A costly oversight: the ongoing impact of the valsartan recall

Blood pressure drug prices soared last year when much of the supply of API valsartan was recalled after traces of a probable carcinogen were found. With recalls and warnings about sartans continuing through the year, Ross Davies looks into the safety issues associated with the drug and the knock-on effects for the industry.

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So vehement is the lack of affection Chinese pharmaceutical manufacturers have for the US Food and Drug Administration (FDA) that they are reported to have reserved the epithet of “the killer” for Peter Baker, the director of the regulator’s Beijing office.

The FDA is believed to have issued 11 letters of caution to Chinese companies over the course of 2018 in connection to poor manufacturing practices – hence the nickname. And given the events of the second half of 2018, in particular, one suspects further unfavourable sobriquets have followed. 

At the heart of the discontent has been the mass recall of blood pressure drug valsartan from the US market, after traces of a probable carcinogen (N-Nitrosodimethylamine) were found in the medication supplied by Chinese group Zhejiang Huahai. In July, the FDA, along with the European Medicines Agency (EMA), issued alerts over the active pharmaceutical ingredient (API), which serves as generic version of Novartis’ Diovan.

The subsequent fall-out from the recall has seen sartan prices skyrocket. As of October, a 160mg valsartan tablet was fetching around $0.31– up $0.17 from the previous month. Similarly, the price for 80mg was reported to be hovering around $0.20 – over double its cost recorded in September.

We perhaps shouldn’t be too surprised by these repercussions. After all, such is China’s monopoly of API production that it is responsible for over 40% of the global supply of ingredients. API exports in 2017 are believed to have been in the region of $29bn, driven by a local marketplace comprised of thousands of producers.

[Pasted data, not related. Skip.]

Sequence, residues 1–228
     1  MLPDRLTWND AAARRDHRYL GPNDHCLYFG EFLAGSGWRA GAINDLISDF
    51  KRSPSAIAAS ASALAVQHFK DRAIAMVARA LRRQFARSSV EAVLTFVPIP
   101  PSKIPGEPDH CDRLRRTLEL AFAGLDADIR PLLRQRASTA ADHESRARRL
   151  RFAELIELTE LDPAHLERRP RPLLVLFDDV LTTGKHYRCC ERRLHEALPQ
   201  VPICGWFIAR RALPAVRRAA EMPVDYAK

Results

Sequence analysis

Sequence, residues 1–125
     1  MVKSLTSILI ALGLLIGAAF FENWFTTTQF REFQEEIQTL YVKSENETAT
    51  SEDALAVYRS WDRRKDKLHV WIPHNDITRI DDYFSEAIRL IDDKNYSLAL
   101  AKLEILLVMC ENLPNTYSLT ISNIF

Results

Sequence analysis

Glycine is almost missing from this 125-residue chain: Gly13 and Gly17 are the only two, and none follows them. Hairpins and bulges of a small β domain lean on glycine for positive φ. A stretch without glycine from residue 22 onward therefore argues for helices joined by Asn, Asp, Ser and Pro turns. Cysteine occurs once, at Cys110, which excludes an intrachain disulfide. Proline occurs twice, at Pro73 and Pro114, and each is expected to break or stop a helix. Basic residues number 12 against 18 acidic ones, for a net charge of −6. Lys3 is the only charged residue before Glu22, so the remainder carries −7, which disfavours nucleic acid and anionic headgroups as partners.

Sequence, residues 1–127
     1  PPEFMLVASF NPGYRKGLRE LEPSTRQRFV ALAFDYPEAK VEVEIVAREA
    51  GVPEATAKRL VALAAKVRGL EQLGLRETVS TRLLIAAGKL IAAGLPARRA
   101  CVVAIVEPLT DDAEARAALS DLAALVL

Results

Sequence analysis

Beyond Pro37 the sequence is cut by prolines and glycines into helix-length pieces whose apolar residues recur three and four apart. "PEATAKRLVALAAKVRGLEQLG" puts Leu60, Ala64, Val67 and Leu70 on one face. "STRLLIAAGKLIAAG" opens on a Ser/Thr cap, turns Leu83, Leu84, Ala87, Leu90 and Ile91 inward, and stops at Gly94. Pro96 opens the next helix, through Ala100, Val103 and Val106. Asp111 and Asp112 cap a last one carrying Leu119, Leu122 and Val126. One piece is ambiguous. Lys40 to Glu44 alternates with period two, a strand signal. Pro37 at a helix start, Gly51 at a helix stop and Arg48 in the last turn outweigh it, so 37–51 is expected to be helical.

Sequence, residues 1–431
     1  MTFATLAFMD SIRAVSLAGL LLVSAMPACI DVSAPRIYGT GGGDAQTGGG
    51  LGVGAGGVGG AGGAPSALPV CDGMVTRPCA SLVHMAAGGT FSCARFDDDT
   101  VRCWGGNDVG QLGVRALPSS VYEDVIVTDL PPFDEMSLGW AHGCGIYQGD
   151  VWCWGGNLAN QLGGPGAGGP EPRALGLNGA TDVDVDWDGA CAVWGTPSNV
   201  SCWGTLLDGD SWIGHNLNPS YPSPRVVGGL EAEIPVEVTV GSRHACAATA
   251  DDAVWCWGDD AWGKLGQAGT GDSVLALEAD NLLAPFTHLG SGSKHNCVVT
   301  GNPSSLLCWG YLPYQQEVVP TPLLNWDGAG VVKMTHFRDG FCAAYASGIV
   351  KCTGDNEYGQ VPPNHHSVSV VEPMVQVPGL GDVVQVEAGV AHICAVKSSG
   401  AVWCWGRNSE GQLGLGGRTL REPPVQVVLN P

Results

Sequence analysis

An inspector calls (but not often enough) 

The episode raises important questions around the safety of sartans and the power wielded by the FDA in China. Despite Chinese producers’ clear chagrin over being targeted by the FDA, how clear an oversight does the regulator have of day-to-day production practices on the factory floor?

Not as much as it should, claims Raps, a healthcare industry body focused on regulation. According to a 2016 report conducted by the body, the FDA only had 17 employees on hand to monitor the 700 facilities that supply APIs to the US. Furthermore, impending FDA inspections in China are made known to Chinese companies in advance, while US manufacturers are subject to unannounced visits.

One might infer that Chinese sartan producers have been able to go about their business without adequate scrutiny from overseas regulators, such as the FDA and EMA. Yet, according to Rosemary Gibson, senior advisor to US thinktank the Hastings Center – an author of China Rx: Exposing the Risks of America's Dependence on China for Medicine – blame for the valsartan episode can’t be placed entirely at the feet of regulators.